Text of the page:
Two new Head Mounted Device Patents reveal more about Optical Systems used in Augmented Reality Applications
Today the US Patent & Trademark Office published two patent applications from Apple that relate to their mixed reality headset. Each patent relates to optical systems with one specifically relating to display adjustment and correction in context with mixed realities that include augmented reality and augmented virtuality.
Optical Adjustment for a Head Mounted Device
Apple's first patent application covers a head-mountable device that could include an optical module that provides a display element and/or an optical element that are adjustably mounted.
The display element and/or another optical element can be adjusted by actuation of a mechanism that allows the display element and/or the optical element to move in one or more (e.g., six) degrees of freedom (roll, pitch, and yaw).
The actuation allows for the position of the display element to be adjusted relative to the optical element to correct for any displacements caused during operation of the head-mountable device.
One or more sensors/cameras within the optical module or external to the optical module and/or the head-mountable device can detect the position of the display at an initial state as well as thereafter. The sensors can check for changes in the position of the components to provide a basis for the actuation.
Apple's patent FIG. 1 represents a general HMD device; FIG. 3 illustrates a sectional view of an optical module of the head-mountable device; FIG. 4 illustrates another sectional view of the optical module of the head-mountable device.
Apple further notes that in patent FIG. 3, an optical module can provide visual output for viewing by a user. While a single optical module (#140) as shown in FIG. 3, it will be understood that separate optical modules can be provided for each of the user's two eyes. Each of the optical modules can be adjusted to align with the corresponding eye of the user.
While the optical element (#162) is shown as a lens in FIG. 3, it will be understood that the optical element can include or be provided with one or more diffusers, filters, polarizers, prisms, beam splitters, diffraction gratings, mirrors, and/or windows.
The housing (#144) and the optical element (#162) can together define an outer periphery of the optical module and sealingly enclose the interior. For example, an interior space of the optical module can be isolated (e.g., hermetically sealed) from an external environment.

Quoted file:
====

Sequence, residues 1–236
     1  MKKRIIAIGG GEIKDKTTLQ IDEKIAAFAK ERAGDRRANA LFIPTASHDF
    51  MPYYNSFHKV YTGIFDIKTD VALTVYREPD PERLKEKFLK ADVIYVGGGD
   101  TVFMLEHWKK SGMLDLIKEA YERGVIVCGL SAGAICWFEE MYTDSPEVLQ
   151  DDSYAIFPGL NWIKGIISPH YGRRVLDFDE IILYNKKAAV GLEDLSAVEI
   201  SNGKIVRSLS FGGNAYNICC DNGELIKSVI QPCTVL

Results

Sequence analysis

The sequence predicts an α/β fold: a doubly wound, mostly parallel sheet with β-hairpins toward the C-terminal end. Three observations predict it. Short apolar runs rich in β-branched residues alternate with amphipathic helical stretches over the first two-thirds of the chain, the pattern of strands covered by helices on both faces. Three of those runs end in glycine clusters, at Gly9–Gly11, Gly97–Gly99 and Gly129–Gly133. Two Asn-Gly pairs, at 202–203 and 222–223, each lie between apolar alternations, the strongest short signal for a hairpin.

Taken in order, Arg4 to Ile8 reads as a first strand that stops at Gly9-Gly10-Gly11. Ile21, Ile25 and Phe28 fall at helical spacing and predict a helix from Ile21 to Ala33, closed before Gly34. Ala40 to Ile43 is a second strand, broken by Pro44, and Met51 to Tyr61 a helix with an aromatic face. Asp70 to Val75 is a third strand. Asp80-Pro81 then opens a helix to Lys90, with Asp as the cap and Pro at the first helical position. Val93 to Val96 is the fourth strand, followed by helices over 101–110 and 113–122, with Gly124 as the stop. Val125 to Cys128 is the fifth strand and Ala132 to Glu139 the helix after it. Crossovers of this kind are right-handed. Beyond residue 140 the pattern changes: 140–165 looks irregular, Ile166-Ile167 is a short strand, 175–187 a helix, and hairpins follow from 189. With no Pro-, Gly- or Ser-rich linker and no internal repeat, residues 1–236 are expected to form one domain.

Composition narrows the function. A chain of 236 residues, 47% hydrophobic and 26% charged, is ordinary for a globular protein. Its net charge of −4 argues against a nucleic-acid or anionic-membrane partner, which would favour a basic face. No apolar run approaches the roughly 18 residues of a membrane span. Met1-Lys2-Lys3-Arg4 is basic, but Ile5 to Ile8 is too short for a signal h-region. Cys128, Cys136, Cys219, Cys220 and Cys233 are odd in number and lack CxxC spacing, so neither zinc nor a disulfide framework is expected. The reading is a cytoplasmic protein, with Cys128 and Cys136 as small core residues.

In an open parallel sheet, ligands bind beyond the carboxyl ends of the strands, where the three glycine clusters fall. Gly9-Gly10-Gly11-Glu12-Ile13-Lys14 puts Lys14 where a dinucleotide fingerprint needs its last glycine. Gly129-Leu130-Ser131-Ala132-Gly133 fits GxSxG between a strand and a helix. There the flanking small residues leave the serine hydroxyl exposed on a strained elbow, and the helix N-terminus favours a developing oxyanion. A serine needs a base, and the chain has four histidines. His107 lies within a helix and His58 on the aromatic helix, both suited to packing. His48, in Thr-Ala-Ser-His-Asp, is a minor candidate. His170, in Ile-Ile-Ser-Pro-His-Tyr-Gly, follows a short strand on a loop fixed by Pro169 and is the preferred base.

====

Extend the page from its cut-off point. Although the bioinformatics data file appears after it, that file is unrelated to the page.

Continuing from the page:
Projection-based systems may employ retinal projection technology that projects graphical images onto a person's retina.
Projection systems also may be configured to project virtual objects into the physical environment, for example, as a hologram or on a physical surface.
Apple's patent FIG. 5 below illustrates a sectional view of an optical module of the head-mountable device with an external device for alignment detection; FIG. 6 illustrates a block diagram of a head-mountable device.
Apple notes that while the Head-mountable device could be a full HMD, eventually the invention could apply to visors, smartglasses, a head-up display and more.
For finer details, review Apple's patent application number 20210063734.
Considering that this is a patent application, the timing of such a product to market is unknown at this time.
Transparent Display System with Peripheral Illumination
In Apple's second HMD patent application relates to an Augmented Reality lighting system. Apple notes that a head-mounted device contains optical components such as a display for displaying visual content. The head-mounted support structures may support the display. The display may be part of an optical system that combines real-world image light with light from an image source. In this way, computer-generated images (sometimes referred to as virtual images) may be overlaid on top of real-world images.
For finer details, review Apple's patent application number 20210063745.
For the record: The US Patent Office didn't publish today's patent application until sometime after 6 or 6:30 a.m. PST instead of their traditional time frames. This of course delayed our reporting this morning.